Health Information Management

Q&A: Identifying the principal diagnosis in liver transplant patient

CDI Strategies, January 30, 2014

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Q: We recently admitted a 52-year-old man who was waiting for a liver transplant. He has a history of hepatitis C, chronic back pain, and drug and alcohol abuse. He was found unresponsive at home in a pool of vomit. The toxicology screen on admission was positive for benzodiazepine, opiates and amphetamines. 
His presenting vitals were temperature of 101.3, heart rate 102, and respirations 28 with blood pressure of 107/65. However, his blood pressure dropped to 74/29 in the ER. The room air saturation was 84% and then he was placed on non-rebreather mask. The chest x-ray demonstrated bilateral lower lobe infiltrates, the ammonia level was 73, he tested positive for a urinary tract infection (UTI), his lactic acid was 3.0 and Bilirubin was 3.0.
According to the ER physician the admitting diagnosis was encephalopathy, fever, and overdose. Yet, the history and physical stated hepatic encephalopathy and aspiration pneumonia and the discharge summary stated the primary diagnosis was “unresponsive likely secondary to hepatic encephalopathy with secondary diagnosis of acute hypoxemic respiratory failure and aspiration pneumonia.”
The case was final coded to DRG 917, poisoning and toxic effect of drugs with a MCC. My counterpart thought the final DRG assignment  would be 177, aspiration pneumonia with a MCC. I thought it should be 896, alcohol drug abuse or dependence without rehab with a MCC. Infectious disease did not mention SIRS or sepsis in their consult.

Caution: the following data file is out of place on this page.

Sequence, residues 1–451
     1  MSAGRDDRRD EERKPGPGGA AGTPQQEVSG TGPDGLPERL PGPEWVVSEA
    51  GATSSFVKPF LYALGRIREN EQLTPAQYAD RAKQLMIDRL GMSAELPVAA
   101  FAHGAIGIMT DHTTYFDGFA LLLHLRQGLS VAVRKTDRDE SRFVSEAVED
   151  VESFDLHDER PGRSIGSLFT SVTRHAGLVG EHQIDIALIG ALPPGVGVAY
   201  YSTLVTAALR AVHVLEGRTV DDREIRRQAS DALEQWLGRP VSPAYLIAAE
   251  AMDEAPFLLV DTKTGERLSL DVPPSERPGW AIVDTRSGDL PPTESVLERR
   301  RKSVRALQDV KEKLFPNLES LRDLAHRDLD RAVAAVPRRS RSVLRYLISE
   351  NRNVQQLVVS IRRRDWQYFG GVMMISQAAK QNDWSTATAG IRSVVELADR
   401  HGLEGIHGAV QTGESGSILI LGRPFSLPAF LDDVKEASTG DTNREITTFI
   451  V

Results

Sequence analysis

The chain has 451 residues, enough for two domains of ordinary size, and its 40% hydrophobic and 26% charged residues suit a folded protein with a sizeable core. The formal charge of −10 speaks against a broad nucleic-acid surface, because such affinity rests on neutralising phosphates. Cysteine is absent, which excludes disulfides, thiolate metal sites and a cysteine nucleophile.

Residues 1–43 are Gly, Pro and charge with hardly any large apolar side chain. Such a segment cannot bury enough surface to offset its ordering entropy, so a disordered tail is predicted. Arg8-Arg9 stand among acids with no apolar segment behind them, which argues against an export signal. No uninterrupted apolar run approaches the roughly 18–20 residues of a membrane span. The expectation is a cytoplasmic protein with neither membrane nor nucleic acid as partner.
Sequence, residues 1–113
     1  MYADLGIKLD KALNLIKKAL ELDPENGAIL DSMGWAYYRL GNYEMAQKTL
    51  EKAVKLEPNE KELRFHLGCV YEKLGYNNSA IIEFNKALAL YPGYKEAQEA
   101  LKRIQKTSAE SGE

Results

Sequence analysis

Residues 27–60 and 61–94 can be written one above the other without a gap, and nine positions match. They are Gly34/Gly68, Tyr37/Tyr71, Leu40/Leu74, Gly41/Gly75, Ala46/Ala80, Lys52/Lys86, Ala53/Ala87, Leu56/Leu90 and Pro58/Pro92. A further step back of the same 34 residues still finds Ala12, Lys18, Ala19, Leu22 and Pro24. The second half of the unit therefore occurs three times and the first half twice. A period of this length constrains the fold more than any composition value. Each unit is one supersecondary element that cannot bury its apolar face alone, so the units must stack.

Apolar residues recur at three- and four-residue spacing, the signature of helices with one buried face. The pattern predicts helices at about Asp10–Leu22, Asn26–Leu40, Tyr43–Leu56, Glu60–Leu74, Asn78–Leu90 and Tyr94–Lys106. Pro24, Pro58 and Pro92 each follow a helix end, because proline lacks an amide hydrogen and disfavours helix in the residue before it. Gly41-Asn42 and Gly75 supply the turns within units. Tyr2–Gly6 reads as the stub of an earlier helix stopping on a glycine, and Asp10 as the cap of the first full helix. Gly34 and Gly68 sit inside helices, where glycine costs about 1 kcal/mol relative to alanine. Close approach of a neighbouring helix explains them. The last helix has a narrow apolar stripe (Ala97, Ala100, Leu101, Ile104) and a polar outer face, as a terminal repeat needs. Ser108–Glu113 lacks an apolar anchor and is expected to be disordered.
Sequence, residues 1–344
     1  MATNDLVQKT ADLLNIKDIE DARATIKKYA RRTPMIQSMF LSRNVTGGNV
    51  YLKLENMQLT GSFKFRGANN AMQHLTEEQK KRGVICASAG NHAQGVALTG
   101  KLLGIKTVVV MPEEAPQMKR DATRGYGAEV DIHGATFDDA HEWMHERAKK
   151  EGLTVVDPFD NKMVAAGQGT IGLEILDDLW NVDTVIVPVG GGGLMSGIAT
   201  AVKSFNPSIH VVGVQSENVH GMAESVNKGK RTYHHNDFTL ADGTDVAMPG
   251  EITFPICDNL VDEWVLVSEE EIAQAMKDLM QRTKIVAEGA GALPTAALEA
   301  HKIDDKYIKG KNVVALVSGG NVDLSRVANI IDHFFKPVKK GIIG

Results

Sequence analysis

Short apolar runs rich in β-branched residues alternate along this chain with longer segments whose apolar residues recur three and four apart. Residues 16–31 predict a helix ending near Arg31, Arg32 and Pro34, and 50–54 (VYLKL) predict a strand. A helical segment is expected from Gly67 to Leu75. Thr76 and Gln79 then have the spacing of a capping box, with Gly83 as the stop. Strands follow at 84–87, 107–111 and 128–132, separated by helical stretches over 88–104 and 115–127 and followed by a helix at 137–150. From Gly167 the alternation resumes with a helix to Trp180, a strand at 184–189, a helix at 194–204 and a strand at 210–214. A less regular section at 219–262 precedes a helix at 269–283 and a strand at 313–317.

Can you help us parse this situation out and provide insight into how we should be thinking about cases like this in terms of record review?
A: Wow! This one is a challenge. You certainly are not lacking MCCs with this case. I need to break this down a bit to think it through.
Based only on what you’ve indicated above let’s assume the patient had the following conditions present on admission:
·         Hepatic encephalopathy
·         Hepatitis C
·         Aspiration pneumonia
·         Acute hypoxic respiratory failure
·         Alcohol abuse
·         UTI
So here are few query opportunities you might consider:
Sepsis and septic shock based on the clinical indicators. Is the hepatic encephalopathy due to alcoholic cirrhosis or due to the Hepatitis C? Is the Hepatitis C acute or chronic? The patient is waiting for a liver transplant--is this due to acute or chronic liver failure and what is the underlying etiology (alcoholism or Hepatitis C)? If I had the record in front of me I would find even more questions!
It sounds as though the coding staff coded this to a poisoning likely due to the Official Guidelines for Coding and Reporting. There are several sequencing guidelines that come into play when coding a poisoning or reaction to the improper use of a medication (e.g., wrong dose, wrong substance, wrong route of administration). In these instances the poisoning code is sequenced first, followed by a code for the manifestation. If there is also a diagnosis of drug abuse or dependence to the substance, the abuse or dependence is coded as an additional code. I do not have the record in front of me but if it is not completely clear that this is a poisoning (wrong dose, wrong substance, wrong route, etc.) you would need to query to clarify.